Patrick Stephens deserves clemency!
Patrick Stephens deserves clemency!
Why this petition matters
This petition was created in 2020 to support the request for clemency that was originally submitted to former Governor Andrew Cuomo in 2018. Patrick’s request was ignored by Cuomo and the Executive Clemency Bureau, but we had high hopes that the new Governor Kathy Hochul would pick up the slack and actually do the clemency work she assured us she would.
Well, Patrick finally presented before the New York State Board of Parole for the first time on February 8, 2022. Patrick has helped SO many men prepare for their own parole board hearings and it was finally his turn. The same reasons he should’ve been granted clemency were presented to the Parole Board. We prayed he wouldn’t experience the perpetual punishment of denied parole and about a week and a half later, we received the confirmation that Patrick was granted parole!
While we were waiting on parole, we were still hopeful that Governor Hochul could and would intervene and still grant Patrick the clemency we’ve been requesting for over 3 years. However, soon after parole was granted, Patrick received the first and only correspondence from the governor stating that because he was granted parole, she no longer has an interest in his clemency request. Bogus, but expected. Patrick will be released on parole on May 18, 2022 and we are so grateful that the Parole Board did what the Governor lacked the courage and compassion to do.
Clemency means forgiveness or leniency in judgment; to show mercy. A commutation of sentence (a form of executive clemency) reduces an incarcerated person’s current sentence. Please support clemency for Patrick Stephens. Patrick is in his 24th year of a 25 year to life sentence for murder, committed in 1995 when he was only 22 years old. Although a first time violent offender, he was sentenced the maximum time possible for second-degree murder; the minimum being 15 years.
Patrick's quest for personal growth and demonstrated commitment to helping others unquestionably meets the criteria the State has used to define those worthy of clemency - he “has made exceptional strides in self-development and improvement; has made responsible use of available rehabilitative programs; has addressed identified treatment needs and the commutation is in the interest of justice, consistent with public safety and the rehabilitation of the applicant” See Apply for Clemency, Commutations, available at http://www.ny.gov/services/apply-clemency (last visited April 4, 2020). With the strong support of his family, he has a reentry plan in place that will set him up for success upon his release.
Patrick is now 48 years old. He has made remarkable strides while in prison, including earning his Associate’s Degree and Bachelor's Degree from Bard College. And as of September 2020, he earned his Master’s Degree from New York Theological Seminary. He has received certificates and licenses in approximately 20 programs, learned (and is now fluent in) Spanish, and is a member of the Bard Debate Union.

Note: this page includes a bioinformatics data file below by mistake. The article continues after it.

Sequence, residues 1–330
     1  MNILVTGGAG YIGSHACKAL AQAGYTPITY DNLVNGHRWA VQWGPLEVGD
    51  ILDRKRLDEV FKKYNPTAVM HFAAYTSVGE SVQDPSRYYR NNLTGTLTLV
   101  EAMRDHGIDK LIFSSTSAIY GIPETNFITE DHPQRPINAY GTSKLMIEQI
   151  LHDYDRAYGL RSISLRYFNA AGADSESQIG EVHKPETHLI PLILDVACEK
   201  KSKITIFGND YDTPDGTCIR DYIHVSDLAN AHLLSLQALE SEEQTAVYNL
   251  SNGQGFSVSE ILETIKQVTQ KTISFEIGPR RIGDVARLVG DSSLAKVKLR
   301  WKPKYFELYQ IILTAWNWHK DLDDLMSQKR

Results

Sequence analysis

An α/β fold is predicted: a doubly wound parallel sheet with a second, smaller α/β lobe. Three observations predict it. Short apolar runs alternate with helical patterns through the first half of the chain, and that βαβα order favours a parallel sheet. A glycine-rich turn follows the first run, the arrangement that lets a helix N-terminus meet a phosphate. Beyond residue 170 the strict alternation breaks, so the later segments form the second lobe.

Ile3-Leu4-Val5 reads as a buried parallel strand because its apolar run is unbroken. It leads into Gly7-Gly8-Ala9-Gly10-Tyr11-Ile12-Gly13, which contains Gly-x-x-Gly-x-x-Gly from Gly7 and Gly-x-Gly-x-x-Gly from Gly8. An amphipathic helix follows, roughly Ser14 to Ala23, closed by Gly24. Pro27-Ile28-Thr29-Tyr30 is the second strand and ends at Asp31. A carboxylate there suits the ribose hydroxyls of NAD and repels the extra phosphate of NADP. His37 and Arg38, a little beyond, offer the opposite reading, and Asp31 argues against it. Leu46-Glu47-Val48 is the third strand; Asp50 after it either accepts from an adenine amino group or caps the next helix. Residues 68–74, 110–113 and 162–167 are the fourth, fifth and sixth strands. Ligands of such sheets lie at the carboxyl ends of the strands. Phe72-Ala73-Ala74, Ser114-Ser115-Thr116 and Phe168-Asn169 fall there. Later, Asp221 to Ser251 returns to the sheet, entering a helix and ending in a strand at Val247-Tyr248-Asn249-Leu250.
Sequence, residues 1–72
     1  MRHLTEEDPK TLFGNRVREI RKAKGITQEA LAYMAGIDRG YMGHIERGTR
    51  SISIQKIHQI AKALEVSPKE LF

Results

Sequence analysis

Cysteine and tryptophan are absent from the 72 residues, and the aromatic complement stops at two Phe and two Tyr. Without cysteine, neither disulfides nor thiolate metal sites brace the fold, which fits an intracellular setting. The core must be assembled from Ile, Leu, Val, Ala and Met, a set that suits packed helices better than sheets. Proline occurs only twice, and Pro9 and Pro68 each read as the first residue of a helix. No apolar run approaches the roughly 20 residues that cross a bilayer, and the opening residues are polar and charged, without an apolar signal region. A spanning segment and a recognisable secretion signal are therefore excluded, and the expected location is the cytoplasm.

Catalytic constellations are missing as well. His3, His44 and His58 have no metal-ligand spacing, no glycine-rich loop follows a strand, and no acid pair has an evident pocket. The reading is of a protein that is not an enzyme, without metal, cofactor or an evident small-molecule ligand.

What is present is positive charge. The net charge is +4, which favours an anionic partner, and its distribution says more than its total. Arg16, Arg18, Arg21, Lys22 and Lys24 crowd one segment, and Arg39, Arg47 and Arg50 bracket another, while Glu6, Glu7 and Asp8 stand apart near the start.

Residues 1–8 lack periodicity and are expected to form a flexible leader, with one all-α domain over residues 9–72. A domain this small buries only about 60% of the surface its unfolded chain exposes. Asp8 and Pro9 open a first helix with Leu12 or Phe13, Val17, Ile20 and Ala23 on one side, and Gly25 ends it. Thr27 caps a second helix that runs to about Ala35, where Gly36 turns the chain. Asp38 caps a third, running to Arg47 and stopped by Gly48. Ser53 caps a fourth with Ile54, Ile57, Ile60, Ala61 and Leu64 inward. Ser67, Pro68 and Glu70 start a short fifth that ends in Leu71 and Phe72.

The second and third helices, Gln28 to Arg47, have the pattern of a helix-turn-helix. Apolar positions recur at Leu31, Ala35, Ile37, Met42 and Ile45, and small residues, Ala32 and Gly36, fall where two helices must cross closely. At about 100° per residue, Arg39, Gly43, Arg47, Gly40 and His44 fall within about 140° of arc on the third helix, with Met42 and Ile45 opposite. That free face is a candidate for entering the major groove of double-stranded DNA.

In addition to his educational growth, Patrick has dedicated his time to helping other incarcerated individuals, including those with HIV and AIDS. Patrick has participated in several programs that helped reframe his way of thinking about conflict resolution and communicating with others. Beyond this, he has facilitated and developed programs and workshops on behalf of other incarcerated men, displaying a pattern of community commitment.
Most importantly, Patrick has learned what he did not know when he was just 22—that violence and taking a life is never the answer to resolve conflict. He takes full responsibility for his actions and is sorry for the life lost and the pain he caused the family. A common theme in the numerous letters of support written on Patrick's behalf is one of growth, change, and maturity. The letters speak of his change in thinking, calm and thoughtful demeanor, and encouragement and mentorship of others—a far cry from the rebellious, impulsive 22 year-old who committed the offense. The fact that so many people felt compelled to write letters is a testament to his character.
Patrick has clearly demonstrated he is remorseful and willing to live up to his potential to be a valued member of society. With his educational achievements during his incarceration, there is minimal risk of repeated offense and recidivism. His family and contacts in the academic community will provide an extensive support network, further reducing the risk. Further incarceration no longer serves any purpose for the People of New York. Therefore, in the interest of justice and reform, Patrick Stephens should be granted clemency.
For additional information about Patrick's experience and achievements, please visit DoingSorry.com. Thank you for your support!